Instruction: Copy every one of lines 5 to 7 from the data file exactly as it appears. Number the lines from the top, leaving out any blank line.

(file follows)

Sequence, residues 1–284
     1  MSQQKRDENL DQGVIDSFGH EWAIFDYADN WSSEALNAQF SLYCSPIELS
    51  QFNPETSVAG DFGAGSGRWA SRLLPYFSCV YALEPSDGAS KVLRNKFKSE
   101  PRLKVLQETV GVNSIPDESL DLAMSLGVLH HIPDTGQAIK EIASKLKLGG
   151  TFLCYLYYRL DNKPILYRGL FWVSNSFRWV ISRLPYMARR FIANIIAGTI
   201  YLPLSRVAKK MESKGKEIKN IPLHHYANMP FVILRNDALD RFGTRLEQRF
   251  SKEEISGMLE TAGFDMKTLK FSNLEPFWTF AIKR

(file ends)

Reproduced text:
   151  TFLCYLYYRL DNKPILYRGL FWVSNSFRWV ISRLPYMARR FIANIIAGTI
   201  YLPLSRVAKK MESKGKEIKN IPLHHYANMP FVILRNDALD RFGTRLEQRF
   251  SKEEISGMLE TAGFDMKTLK FSNLEPFWTF AIKR